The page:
PowerShell Basics: $Env:Path

PowerShell Basics_ $Env_Path

PowerShell’s Path Environmental Variable

On this page I will show you how to view, and how to change the Path variable using PowerShell commands.

One benefit of the path variable is less typing; if you type just the name of an executable, the operating system locates the program by searching through the values stored in this variable.

Topics for Windows PowerShell’s Env:Path

List $Env:Path with PowerShell

You can also see path values in the Control Panel; navigate to the System section and then click on the link to ‘Advanced system settings’.  Our purpose is employing PowerShell to list these paths.

Remember that we are dealing with an Environmental Variable, hence $Env.

# List Paths

#Sample Output for Path Environmental Variable
C:\Program Files\Common Files\Microsoft Shared\Windows Live;C:\Program Files (x86)\Common Files\Microsoft Shared\Windows Live;C:\Program Files\Common Files\Microsoft Shared\Microsoft Online Services;C:\Windows\System32\WindowsPowerShell\v1.0\

Note 1: You really do need that $dollar sign.  Plain Env:Path does not work.

Note 2: Observe a semi-colon between each item; this is valuable information if you need to append more Path values.

See here for a refresher on PowerShell’s Environmental Variables’ drive.

[Environment] Method
Here is an alternative method which lists the path values, but employs the base .Net Framework elements.

# List PowerShell's Paths

Note 3: My point is to plant the idea that you could modify the “Path” with the sister command SetEnvironmentalVariable.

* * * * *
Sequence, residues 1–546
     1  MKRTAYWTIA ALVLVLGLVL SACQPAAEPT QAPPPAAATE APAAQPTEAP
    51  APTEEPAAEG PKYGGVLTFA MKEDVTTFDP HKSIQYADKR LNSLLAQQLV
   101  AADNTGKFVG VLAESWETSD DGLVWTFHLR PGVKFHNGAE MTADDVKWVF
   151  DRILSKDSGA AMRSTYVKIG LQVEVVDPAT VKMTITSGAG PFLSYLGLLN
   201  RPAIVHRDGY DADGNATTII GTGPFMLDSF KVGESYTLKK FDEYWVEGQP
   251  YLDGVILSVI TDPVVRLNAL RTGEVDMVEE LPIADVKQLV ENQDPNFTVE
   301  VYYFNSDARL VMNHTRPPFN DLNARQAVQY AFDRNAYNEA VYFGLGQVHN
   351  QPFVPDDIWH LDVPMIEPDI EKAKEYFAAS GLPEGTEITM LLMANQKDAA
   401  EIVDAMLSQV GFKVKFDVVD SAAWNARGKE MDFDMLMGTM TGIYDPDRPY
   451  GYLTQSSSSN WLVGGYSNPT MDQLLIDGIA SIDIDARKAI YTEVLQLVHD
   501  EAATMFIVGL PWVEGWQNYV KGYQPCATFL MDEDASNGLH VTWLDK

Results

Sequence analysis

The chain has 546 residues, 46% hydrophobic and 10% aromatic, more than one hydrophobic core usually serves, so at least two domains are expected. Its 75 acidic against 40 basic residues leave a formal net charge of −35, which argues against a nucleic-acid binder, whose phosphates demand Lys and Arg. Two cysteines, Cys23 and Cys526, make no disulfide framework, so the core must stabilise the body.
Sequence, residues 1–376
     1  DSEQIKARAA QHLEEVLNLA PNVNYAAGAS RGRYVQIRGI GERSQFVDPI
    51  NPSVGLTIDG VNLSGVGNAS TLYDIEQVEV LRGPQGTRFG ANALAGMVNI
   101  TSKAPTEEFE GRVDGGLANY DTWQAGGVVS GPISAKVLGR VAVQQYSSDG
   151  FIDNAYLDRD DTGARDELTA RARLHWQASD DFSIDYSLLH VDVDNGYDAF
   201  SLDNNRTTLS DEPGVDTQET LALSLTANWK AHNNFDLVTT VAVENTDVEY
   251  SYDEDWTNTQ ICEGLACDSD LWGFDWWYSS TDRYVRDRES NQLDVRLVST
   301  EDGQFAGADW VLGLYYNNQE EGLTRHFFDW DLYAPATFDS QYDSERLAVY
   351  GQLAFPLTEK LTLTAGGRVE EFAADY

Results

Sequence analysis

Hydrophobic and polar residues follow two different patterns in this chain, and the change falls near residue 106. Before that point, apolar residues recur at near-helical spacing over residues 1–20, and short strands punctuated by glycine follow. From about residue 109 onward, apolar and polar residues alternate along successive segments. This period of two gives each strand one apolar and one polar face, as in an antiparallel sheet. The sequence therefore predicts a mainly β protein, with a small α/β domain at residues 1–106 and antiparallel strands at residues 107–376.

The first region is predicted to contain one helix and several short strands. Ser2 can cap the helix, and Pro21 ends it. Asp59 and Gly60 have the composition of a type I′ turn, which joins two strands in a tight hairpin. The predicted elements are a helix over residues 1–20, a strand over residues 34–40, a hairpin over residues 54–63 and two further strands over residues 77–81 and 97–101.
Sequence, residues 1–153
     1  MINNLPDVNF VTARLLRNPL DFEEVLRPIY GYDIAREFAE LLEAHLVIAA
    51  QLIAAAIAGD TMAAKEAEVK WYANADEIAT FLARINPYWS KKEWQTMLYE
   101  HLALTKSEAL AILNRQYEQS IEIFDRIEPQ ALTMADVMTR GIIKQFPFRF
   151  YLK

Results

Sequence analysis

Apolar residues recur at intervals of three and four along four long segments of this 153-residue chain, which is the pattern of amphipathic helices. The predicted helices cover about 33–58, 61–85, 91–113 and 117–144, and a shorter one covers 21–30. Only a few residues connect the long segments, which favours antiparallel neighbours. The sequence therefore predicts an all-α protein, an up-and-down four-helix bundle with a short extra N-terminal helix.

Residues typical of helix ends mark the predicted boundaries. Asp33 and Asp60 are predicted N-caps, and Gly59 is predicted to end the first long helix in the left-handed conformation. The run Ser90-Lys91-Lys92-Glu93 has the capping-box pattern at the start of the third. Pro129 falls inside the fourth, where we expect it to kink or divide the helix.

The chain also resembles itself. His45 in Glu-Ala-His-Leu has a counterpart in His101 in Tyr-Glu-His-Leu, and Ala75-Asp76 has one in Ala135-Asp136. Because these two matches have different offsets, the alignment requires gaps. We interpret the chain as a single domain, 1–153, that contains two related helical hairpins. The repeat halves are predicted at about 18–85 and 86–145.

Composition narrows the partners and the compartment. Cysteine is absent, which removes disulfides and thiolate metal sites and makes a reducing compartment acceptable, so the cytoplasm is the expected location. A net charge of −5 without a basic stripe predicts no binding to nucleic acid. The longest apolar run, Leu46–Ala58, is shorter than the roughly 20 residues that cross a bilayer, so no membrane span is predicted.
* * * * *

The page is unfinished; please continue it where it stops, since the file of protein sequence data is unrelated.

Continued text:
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Problem Changing Environment Variable Values with PowerShell

When you change the value of an environment variable using PowerShell commands, the changes only affect the current session. This behavior mimics using the Set command of previous Windows operating systems.

You can use PowerShell to make a persistent change, the technique involves making changes the registry values.  Firstly, we will display the Environment values in the registry, then we will append another location.

I have also seen suggestions for putting SetEnvironmentalVariable commands in the profile files, Microsoft.PowerShell_profile, Microsoft.PowerShellISE_profile or profile.ps1.

Retrieving Path Info from the Registry

The solution to the temporary nature of PowerShell’s changes to the environmental variable values is to script persistent registry modifications.  This is the equivalent of making changes to the Advanced system settings in the Control Panel.

# List PowerShell's Paths
$Reg = "Registry::HKLM\System\CurrentControlSet\Control\Session Manager\Environment"
(Get-ItemProperty -Path "$Reg" -Name PATH).Path

Permanently Modifying the Env:Path

$AddedLocation ="D:\Powershell"
$Reg = "Registry::HKLM\System\CurrentControlSet\Control\Session Manager\Environment"
$OldPath = (Get-ItemProperty -Path "$Reg" -Name PATH).Path
$NewPath= $OldPath + ’;’ + $AddedLocation
Set-ItemProperty -Path "$Reg" -Name PATH –Value $NewPath